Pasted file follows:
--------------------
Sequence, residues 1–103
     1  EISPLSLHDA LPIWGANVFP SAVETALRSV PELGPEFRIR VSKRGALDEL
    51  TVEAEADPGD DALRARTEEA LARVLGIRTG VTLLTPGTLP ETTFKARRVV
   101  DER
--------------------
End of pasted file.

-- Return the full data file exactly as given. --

Sequence, residues 1–103
     1  EISPLSLHDA LPIWGANVFP SAVETALRSV PELGPEFRIR VSKRGALDEL
    51  TVEAEADPGD DALRARTEEA LARVLGIRTG VTLLTPGTLP ETTFKARRVV
   101  DER